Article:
Tuesday, December 29, 2009
Reflecting back on 2009, I am reminded of where life has taken me & the people along the way. It's not been the easiest year, to say the least, but it was filled with moments of personal growth and love from friends & family. I'm so thankful to those along the way. Life certainly takes us in interesting directions and I know God was there every step of the way. There were many moments when I never thought this day would come - when I was filled with doubt and uncertainty, when my heart was overwhelmed with sorrow. I am so glad to be on the other side now and feel 2010 is going to be fabulous.
Thanks to all who have taken this journey with me. I promise to write more often. For now, peace and blessings to all as we embark on a new year.
Tuesday, November 24, 2009
Despite the ups and downs of these last 6 months, I have much to be thankful for ~ the love & support of my family, amazing friends who are always there, the sense of call in my life, knowing that God is with me every step of the way. I will be especially thankful this year, as so many are without this holiday season. They will be in my prayers.
Thanks be to God for all good gifts and blessings bestowed upon us. May this be a time filled with thanks and love...not to mention yummy food:)
Tuesday, November 10, 2009
I saw this passage of scripture on a friend's facebook page today & it really struck me. In this time of uncertainity, it brings me a sense of comfort knowing God created me for a reason. When one is searching for a call, especially when one is currently unemployed, there is such a strong sense of doubt and frustration surrounding it all. It's been a long six months since I graduated from seminary & there's been so much that has happened since then. I've moved in and out of seasons of restlessness and sadness, but there have also been moments of blessing. There's been moments of deep heartache - the loss of a friend, the disappointment from not receiving a call, the pain of watching my father deal with the harsh side of church politics. There's been moments when I saw God's grace - time spent with good friends over warm cups of tea, a drive through the beautiful mountains of North Carolina, the love of family, conversations with a trusted friend & professor who knows me better than many people.
I know this journey has been long, but I also trust God indeed has a plan for me. It's not always easy to remember this, but I try every day. That's all I can do. And, by the grace of God, I will find a call. Thanks be to God for grace and love and reminders of blessings.
Thursday, October 15, 2009
I'm still in the call process. Looking for a call in the PC(USA) isn't always a fast process - I know this from experience:) I have a couple of face to face interviews in the next couple of weeks, so we shall see what happens with those. Both are wonderful places & I would be happy living in either place. Lots of praying happening here!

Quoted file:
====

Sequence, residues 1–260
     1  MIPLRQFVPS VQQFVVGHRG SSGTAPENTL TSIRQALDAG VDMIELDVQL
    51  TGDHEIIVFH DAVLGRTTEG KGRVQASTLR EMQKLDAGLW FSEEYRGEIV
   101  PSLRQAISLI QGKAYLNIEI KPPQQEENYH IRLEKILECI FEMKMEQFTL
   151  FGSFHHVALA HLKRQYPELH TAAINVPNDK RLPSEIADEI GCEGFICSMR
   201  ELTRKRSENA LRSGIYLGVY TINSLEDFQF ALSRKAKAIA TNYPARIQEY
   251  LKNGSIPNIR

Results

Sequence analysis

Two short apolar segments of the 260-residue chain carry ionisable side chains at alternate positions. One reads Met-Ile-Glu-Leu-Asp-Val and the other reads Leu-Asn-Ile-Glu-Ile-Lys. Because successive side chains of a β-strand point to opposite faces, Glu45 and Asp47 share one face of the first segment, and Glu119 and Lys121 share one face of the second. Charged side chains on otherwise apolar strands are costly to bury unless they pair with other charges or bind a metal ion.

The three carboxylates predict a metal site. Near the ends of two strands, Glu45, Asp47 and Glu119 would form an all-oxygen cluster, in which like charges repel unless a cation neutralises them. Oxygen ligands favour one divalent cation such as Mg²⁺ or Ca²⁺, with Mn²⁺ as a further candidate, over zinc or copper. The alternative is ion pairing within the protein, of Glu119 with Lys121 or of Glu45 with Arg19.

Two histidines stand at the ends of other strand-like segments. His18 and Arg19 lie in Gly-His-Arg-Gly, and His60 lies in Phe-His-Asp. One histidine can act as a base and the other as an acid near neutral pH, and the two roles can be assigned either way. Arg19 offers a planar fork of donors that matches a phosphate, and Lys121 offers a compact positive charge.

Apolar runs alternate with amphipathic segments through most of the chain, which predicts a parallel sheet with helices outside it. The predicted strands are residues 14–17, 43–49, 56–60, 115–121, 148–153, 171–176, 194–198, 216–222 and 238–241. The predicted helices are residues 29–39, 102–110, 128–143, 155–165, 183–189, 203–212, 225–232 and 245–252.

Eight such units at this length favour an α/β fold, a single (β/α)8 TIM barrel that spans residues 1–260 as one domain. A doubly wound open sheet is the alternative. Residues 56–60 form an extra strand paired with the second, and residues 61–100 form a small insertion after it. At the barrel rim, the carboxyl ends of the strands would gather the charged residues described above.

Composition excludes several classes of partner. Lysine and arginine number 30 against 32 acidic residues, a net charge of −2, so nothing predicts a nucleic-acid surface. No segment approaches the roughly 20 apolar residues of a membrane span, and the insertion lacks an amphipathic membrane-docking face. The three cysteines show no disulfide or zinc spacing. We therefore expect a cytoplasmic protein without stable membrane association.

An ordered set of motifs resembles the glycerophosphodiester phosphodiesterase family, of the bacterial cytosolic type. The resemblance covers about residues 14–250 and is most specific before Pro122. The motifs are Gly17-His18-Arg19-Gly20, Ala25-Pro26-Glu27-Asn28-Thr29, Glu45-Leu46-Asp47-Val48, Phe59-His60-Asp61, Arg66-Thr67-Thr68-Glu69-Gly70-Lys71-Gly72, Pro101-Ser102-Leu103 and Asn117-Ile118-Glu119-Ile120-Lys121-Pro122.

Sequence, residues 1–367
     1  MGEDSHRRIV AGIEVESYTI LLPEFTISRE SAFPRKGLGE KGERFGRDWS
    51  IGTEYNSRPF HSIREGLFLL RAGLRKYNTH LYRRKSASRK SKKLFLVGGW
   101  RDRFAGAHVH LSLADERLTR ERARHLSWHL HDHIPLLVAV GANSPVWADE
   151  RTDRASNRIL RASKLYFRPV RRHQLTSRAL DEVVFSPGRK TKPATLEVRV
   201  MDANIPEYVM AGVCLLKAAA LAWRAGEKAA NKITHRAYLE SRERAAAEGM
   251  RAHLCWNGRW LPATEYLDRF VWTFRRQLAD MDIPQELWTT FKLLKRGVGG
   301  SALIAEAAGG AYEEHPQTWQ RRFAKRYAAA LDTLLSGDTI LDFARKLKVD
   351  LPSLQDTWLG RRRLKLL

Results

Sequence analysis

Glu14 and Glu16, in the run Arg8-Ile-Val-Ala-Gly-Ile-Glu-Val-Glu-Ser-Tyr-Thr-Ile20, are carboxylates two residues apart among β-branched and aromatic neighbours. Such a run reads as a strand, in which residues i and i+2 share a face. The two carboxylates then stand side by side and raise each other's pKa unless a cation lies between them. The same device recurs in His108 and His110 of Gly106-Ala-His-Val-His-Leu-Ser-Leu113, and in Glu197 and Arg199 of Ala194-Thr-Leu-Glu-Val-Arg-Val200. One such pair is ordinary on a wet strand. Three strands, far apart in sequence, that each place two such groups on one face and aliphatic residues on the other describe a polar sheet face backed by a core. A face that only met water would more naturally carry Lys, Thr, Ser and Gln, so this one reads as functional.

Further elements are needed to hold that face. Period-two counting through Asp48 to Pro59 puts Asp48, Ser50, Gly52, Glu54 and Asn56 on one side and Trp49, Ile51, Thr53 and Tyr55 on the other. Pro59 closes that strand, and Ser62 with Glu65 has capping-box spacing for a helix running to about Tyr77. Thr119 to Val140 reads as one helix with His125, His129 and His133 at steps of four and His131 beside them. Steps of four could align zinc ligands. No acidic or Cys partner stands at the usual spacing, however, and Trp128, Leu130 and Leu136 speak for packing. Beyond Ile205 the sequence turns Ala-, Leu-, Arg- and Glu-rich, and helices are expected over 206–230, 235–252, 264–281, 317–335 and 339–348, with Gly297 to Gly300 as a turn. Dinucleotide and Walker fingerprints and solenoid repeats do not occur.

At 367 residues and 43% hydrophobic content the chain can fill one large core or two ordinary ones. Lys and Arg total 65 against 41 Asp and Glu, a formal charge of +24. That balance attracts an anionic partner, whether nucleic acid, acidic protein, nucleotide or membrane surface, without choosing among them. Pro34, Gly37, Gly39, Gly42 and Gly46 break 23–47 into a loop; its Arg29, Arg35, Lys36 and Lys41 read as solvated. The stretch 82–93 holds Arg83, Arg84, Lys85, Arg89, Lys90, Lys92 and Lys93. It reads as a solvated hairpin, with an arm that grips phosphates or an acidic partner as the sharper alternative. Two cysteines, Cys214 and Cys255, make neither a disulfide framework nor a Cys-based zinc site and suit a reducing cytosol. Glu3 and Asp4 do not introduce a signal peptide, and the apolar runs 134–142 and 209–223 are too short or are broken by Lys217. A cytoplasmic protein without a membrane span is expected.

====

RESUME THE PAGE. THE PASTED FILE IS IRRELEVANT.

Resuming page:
I am "working" right now. I'm a volunteer/grunt laborer at Main Street: Greeneville, a non-profit that works with historic preservation & tourism. It's a small organization & the executive director is a friend, so she hired me until I get a call. In the least, it gets me out of the house & doing something 2 to 3 days a week, and I've met a lot of interesting & influencial people in my small town. Right now, we are working on Halloween Happenings (a fun night of candy, hay rides, & costume contests in downtown) and selling our new Main Street cookbooks.
I did manage to get down to Atlanta a week or so ago. It was so nice to see friends! My head was spinning in all different directions & I really needed those couple of days away. I have some of the most amazing friends - who let me vent & sleep on their couches/floors! I was able to eat at my favorite place - Taqueria Del Sol. They have the most amazing carnitas tacos. Yum. I miss being able to go there on a regular basis. Might have to make a road trip again soon:)
That's about all that's happening in my life right now. Oh, currently writing a sermon for one of my interviews - preaching neutral pulpit a week from Sunday. Text is Mark 10.46-52 where Jesus heals Bartimaeus, a blind beggar. Great text. If you should have any thoughts, feel free to leave me a comment. I'm accepting any & all thoughts. Prayers too.
More later. Blessings to you!
Monday, August 24, 2009
I'm restless, in more ways than one. I'm tossing & turning most nights, unable to get comfortable. I think God might be telling me something, just not sure what it is quite yet. I'm itching to get in my car & drive - to get away from it all for a few days. I've considered going to the beach, to stare at the ocean & clear my head. But, this costs money, which is not in huge supply right now, since I am currently without employment. However, I am heading to Atlanta this weekend to celebrate with my dear friends Kari & Steve, who are getting married on Saturday. They are amazing & I am grateful they want me to be there to witness the beginning of the new chapter of their lives. This will be a great opportunity to get away, see friends, enjoy good ATL food, and maybe even clear my head.